Martin Sosnoff complains on Forbes that his taste for art is being overwhelmed by vulgarians:
I missed the May evening contemporary art auctions at Christie’s and Sotheby’s while traveling in Europe but, a trusted friend and savvy dealer bid for me. I was left in the dust and didn’t snare the Hans Hoffman and Anselm Kiefer canvases that I coveted. I did sell three pieces at good prices so why complain?
Art is a coincident indicator for what’s happening in the world economy, but I’m wary of what I see. Pieces bought a few years ago at $500,000 are now $5 million pictures. If I’d spent as much time studying the art market as I do financial markets I be at least ten times richer.
There are Russian oligarchs, newly minted Chinese billionaires, even Arabian sultans with whom I can’t compete any longer. They retain art advisors who know next to nothing and press clients to buy the big names. Focus is on Warhol, Jeff Koons, Gerhard Richter, as well as Mark Rothko and Francis Bacon.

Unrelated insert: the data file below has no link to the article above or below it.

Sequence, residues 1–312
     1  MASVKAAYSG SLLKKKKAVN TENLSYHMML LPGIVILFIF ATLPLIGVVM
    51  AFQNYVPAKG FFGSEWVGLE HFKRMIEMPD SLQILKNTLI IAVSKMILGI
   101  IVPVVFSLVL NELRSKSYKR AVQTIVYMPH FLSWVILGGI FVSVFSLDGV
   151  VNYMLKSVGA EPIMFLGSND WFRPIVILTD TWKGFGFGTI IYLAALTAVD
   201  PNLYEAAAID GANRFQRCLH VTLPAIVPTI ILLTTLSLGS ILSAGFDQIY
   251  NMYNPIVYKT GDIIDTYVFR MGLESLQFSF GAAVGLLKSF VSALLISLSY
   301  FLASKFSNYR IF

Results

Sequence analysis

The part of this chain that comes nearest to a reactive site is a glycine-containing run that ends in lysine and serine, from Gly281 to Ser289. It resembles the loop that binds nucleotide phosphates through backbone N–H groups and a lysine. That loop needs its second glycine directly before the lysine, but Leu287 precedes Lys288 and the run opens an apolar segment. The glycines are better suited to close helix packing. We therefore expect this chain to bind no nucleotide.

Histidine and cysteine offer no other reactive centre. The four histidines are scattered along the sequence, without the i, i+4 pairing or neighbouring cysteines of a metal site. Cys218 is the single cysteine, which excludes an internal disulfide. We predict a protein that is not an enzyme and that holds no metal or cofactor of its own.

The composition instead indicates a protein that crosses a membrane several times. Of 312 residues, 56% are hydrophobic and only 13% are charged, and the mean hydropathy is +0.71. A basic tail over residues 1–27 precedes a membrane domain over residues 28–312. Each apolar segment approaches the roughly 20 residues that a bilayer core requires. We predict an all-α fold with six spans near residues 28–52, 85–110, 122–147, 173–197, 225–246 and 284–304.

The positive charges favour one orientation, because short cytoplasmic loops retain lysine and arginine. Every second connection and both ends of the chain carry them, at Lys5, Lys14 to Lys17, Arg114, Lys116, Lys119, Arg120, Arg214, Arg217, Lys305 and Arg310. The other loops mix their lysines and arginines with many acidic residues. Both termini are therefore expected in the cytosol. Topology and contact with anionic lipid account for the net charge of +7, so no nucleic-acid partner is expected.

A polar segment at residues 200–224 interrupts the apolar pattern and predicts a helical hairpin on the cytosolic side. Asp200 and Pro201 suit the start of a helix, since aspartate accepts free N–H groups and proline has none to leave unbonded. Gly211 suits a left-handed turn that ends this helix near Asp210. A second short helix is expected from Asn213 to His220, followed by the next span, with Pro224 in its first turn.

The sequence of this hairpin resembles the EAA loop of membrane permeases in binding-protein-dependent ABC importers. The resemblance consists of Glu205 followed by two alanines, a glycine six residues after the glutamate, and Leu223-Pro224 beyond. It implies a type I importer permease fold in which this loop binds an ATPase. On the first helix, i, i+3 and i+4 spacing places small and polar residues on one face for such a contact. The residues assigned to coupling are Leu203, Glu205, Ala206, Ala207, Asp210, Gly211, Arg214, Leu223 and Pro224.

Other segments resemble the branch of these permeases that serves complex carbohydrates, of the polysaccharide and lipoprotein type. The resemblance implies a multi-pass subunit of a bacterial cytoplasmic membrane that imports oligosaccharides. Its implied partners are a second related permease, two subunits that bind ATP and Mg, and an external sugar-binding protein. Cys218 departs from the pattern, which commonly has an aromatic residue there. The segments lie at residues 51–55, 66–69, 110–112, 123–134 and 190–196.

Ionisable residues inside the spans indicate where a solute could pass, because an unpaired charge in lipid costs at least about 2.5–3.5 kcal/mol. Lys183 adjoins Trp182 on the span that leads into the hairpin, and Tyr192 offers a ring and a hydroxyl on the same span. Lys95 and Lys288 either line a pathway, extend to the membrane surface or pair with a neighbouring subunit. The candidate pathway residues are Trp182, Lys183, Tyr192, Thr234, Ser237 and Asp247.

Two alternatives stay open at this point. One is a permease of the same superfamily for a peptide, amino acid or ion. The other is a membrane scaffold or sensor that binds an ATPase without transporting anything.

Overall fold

Big canvasses are in. A 9-foot square Warhol self portrait made $27.5 million. In the art world grandiosity works. Anish Kapoor has created an inflated biomorphic piece now sitting in the Grande Palais in Paris. It takes up the entire cubic footage capacity of this art museum that started off as an exposition hall for world trade fairs early in the 20th century.
The Kapoor piece is subtly interactive. You walk beneath it and around its circumference. It suggested to me 3 nude women joined at the hip, raising their pelvises, supported on their elbows. Quien sabe? I felt like a voyeur.
I’ve collected Kapoor for nearly 20 years but now I need to get down on my knees and beg. “No! No! You can’t have that piece unless the sultan of Bahrain turns it down.” I got lucky. The sultan had more pressing geopolitical issues to deal with.
Grandiosity is a Non-No (Forbes)